World turbofan engine market forecast at $292bn through 2018


A credit crisis and the resulting slowdown in the world economy has exacerbated the turbine engine industry’s normal downcycle, says research house Forecast International.

The exuberance of the three-year period prior to the fourth quarter of 2008 saw annual aircraft sales growing at an unsustainable pace, eclipsing that of the previous year, three years running.

With signs of economic recovery only recently on the horizon, Forecast International says it expects the turbine engine market to remain essentially stagnant through 2012, and then rebound in 2013.

In total, the world turbofan engine market is projected to generate $292 billion in revenue during the 2009-2018 period through the production of 66 273 engines.

The good news for large engine manufacturers is that even with deferrals and cancellations, Airbus and Boeing each have an order backlog of several thousand aircraft, which translates into years of engine production for all of the big turbofan builders.

Pratt & Whitney and CFM International are working on new engine designs for the next generation of narrowbody aircraft, and will have their new technology ready when the airframers begin work on the new jets.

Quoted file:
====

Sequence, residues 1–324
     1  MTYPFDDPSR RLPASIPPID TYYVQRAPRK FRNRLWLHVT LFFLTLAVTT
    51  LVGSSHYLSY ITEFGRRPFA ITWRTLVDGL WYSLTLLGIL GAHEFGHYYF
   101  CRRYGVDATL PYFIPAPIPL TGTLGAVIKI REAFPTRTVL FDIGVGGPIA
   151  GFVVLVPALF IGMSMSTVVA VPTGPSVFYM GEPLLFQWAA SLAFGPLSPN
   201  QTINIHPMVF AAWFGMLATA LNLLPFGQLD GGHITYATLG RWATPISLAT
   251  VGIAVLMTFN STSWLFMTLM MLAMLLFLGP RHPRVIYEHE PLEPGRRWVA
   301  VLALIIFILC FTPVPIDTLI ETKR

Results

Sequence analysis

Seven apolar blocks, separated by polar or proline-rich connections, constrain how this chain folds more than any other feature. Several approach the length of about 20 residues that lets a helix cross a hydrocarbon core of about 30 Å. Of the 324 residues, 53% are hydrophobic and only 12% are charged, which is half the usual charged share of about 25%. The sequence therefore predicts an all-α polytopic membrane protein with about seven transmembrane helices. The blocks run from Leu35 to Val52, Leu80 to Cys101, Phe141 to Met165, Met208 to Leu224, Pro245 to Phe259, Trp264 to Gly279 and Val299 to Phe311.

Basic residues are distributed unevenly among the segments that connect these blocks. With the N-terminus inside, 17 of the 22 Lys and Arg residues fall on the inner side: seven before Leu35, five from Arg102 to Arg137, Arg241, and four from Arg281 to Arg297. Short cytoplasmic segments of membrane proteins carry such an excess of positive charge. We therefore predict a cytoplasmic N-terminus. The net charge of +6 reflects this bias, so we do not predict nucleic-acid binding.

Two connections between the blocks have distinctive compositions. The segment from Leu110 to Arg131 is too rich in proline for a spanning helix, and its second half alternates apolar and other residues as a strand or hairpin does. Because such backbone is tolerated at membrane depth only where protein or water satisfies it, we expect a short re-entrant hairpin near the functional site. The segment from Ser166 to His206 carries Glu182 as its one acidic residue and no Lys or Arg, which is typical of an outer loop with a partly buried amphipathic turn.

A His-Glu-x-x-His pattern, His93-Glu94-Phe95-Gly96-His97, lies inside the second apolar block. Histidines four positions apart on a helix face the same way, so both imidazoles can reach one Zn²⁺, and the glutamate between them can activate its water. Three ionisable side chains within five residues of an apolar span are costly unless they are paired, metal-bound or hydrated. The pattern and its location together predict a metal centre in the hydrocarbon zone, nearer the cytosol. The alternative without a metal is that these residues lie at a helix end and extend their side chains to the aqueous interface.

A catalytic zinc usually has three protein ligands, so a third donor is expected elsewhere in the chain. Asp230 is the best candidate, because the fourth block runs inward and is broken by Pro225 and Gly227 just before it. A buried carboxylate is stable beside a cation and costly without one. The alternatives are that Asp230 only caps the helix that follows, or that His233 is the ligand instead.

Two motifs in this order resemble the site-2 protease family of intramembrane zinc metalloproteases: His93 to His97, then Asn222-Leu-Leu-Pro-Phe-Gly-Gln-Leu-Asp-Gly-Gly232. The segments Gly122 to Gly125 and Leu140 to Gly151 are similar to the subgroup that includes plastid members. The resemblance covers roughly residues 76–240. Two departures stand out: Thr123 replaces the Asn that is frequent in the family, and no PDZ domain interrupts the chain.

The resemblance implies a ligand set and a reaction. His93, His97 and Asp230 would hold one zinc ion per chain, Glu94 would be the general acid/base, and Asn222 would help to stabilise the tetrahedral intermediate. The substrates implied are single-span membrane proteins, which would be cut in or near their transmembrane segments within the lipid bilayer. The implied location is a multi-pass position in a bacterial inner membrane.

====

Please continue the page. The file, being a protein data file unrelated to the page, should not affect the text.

General Electric and Rolls-Royce are equally busy with the GEnx and Trent product lines for new and future applications.

The business aircraft segment has been hit with a double whammy between the credit freeze and the negative publicity of executive use of company business jets.

The credit issue will work itself out over time, but the public’s negative perception of private jets has caused many orders to be deferred or canceled outright.

Several business aircraft programs, both in-production and developmental, have fallen victim to the tough economic climate.

In spite of this, the industry is developing new aircraft designs in anticipation of the market’s reversal. Pratt & Whitney Canada, Rolls-Royce, Honeywell and Williams are all involved in engine development programs to power these new jets.

Military engine production has historically been less vulnerable to swings in the economy, but the Obama administration has indicated it that it will not have the “business as usual” approach of the previous administration.

The controversial alternate engine program for the F-35 Joint Strike Fighter could be the first casualty of the new administration’s resolve to overhaul spending on military procurement programs.

The U.S. military is transitioning from its fourth-generation fighter aircraft to new, stealthy fifth-generation jets, and these are flying with powerful new engines with the latest technology.


Pic: A BAE Systems BAe146 regional transport